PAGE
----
After meeting with a social worker, the patient is directed to accounts. A payment plan is arranged by the social worker and one of our employees, Annet Mwebaze, reviews the plan. Annet received an accounting degree from Makerere and is happily married with three children. Although there wasn’t a vacant accounting position at CURE when she applied, she agreed to work in the laundry room and did so for six years. Her perseverance and dedication paid off and she eventually became responsible for payments in the outpatient department. While Annet is responsible for monetary transactions, her job is ultimately relational. She faces many challenges with the financial struggles of the patients and their families, and as a way of instilling hope and courage, she often ends up praying with the patients and their caretakers.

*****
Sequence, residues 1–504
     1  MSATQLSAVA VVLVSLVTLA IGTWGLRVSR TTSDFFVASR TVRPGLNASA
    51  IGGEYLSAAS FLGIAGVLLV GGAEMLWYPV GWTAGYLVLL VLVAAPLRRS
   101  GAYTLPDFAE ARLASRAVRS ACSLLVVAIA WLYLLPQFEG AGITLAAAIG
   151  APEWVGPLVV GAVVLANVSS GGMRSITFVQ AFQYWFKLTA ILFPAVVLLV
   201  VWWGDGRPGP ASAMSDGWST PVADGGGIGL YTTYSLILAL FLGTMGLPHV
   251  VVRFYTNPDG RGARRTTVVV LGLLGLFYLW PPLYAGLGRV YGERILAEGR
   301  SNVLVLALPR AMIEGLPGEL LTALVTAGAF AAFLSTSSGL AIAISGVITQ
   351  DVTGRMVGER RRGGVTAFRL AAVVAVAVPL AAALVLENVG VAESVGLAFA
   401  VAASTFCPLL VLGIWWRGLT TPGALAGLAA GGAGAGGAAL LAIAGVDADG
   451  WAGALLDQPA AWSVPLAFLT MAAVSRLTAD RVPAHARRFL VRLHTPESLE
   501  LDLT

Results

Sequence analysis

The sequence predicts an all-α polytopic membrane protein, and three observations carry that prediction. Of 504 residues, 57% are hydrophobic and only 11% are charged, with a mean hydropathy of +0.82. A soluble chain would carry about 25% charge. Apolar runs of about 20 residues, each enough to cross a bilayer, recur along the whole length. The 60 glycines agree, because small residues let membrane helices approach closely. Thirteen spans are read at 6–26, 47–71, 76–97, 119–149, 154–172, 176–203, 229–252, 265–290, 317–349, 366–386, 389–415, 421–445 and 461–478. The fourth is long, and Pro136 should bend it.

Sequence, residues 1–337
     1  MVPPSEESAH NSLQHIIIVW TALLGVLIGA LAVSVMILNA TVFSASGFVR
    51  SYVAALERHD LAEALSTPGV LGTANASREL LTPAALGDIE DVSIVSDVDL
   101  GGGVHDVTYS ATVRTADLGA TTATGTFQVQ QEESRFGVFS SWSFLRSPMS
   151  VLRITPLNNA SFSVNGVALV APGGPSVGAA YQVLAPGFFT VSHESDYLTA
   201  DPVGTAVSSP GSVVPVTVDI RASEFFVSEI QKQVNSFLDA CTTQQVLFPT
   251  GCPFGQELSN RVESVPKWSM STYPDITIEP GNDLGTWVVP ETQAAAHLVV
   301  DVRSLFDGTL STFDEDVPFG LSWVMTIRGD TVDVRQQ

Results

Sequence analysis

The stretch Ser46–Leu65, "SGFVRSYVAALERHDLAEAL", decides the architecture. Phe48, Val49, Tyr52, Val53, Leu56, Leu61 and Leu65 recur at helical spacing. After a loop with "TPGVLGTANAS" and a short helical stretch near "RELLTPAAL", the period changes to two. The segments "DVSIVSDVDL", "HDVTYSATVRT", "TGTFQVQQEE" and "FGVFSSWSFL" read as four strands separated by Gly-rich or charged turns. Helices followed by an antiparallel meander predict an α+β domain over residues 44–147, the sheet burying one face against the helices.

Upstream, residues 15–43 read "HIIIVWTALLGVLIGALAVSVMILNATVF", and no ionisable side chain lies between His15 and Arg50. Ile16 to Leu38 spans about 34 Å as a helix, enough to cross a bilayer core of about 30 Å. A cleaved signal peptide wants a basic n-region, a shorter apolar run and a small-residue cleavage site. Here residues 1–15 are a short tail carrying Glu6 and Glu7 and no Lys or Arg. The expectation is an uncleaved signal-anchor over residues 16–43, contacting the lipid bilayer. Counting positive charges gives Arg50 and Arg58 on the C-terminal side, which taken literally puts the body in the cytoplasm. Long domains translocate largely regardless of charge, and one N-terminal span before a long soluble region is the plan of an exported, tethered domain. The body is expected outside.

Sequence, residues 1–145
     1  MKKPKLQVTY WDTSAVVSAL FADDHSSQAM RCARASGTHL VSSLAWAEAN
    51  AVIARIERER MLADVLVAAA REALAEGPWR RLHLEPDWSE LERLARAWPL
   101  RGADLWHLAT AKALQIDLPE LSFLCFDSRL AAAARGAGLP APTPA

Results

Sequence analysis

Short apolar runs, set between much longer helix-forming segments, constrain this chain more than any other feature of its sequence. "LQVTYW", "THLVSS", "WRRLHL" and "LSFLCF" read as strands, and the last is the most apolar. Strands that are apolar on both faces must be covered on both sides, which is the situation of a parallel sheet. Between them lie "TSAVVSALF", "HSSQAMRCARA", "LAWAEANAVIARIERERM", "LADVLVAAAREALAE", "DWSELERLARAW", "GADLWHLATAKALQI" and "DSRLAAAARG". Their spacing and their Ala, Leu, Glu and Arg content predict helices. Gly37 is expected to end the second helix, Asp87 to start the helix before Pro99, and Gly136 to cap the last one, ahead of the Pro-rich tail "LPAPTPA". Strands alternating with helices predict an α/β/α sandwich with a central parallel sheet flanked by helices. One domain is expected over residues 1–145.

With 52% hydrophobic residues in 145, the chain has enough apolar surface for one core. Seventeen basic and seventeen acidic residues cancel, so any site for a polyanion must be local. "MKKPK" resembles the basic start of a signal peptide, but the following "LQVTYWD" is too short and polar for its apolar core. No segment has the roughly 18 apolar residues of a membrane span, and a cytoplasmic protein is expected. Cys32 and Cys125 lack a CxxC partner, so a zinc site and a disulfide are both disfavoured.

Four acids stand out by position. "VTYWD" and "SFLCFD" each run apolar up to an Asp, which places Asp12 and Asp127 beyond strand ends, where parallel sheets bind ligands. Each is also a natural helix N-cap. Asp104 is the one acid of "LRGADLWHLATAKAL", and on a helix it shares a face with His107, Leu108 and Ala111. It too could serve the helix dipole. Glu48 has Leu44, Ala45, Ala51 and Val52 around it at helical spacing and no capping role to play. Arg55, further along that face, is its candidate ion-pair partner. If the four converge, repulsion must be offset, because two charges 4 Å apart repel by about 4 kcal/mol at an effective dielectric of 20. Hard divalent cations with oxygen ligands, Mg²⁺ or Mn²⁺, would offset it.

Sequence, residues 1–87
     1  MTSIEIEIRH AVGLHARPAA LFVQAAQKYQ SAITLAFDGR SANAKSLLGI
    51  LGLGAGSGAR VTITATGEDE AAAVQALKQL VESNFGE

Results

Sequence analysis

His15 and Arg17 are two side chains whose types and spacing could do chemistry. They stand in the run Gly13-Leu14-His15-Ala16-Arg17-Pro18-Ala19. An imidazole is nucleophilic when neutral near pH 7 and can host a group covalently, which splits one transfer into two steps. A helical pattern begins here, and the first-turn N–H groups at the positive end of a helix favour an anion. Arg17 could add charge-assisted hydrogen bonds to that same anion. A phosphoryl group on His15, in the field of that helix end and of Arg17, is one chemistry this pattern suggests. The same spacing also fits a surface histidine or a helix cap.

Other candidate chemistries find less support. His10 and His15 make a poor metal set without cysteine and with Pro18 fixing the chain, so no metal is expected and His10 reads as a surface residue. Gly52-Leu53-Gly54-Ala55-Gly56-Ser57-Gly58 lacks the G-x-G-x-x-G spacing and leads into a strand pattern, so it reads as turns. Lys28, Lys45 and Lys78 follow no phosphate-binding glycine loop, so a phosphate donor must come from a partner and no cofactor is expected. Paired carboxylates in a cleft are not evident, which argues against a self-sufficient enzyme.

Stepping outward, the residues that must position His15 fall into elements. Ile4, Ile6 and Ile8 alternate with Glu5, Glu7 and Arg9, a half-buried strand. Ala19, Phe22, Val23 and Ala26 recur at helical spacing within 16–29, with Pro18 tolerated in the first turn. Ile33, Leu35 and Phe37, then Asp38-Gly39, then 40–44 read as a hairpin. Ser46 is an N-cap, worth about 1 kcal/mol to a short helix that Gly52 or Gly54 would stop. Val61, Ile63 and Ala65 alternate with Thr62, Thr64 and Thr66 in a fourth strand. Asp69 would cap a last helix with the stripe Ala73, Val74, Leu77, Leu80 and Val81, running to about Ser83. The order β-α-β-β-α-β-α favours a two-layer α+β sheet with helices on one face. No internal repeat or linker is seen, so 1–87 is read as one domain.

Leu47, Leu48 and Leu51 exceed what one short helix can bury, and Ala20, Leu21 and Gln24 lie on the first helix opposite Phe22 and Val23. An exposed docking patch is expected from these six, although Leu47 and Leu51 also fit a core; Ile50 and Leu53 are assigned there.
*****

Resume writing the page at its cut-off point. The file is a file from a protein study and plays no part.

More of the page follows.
After finishing with accounts, the patient is ready to see the doctor. After the doctor gathers patient history and conducts a brief exam, the patient is usually sent to the laboratory. X-rays, CT scans, ultrasounds, as well as blood tests are conducted in the lab. Once the results are back, CURE doctors create a plan for treatment. The patient is then admitted to the ward to await surgery.
Once the procedure is over, patients are moved to the ICU (Intensive Care Unit) and put under oxygen, ventilation, and intensive care by the nurses to regain stability and awareness. The patient is then sent back to the ward for observation for a few more days before discharge. Before leaving the hospital, social workers once again chat with the caretaker. The importance of following discharge instructions and attending all follow-up appointments is addressed, as well as any questions from the caretaker.
At the conclusion of that conversation, the patient is discharged and returns home. Everyone from nurses to cleaners to security to maintenance staff may be found saying goodbyes. Every child that we see is another opportunity to change lives not only physically but spiritually.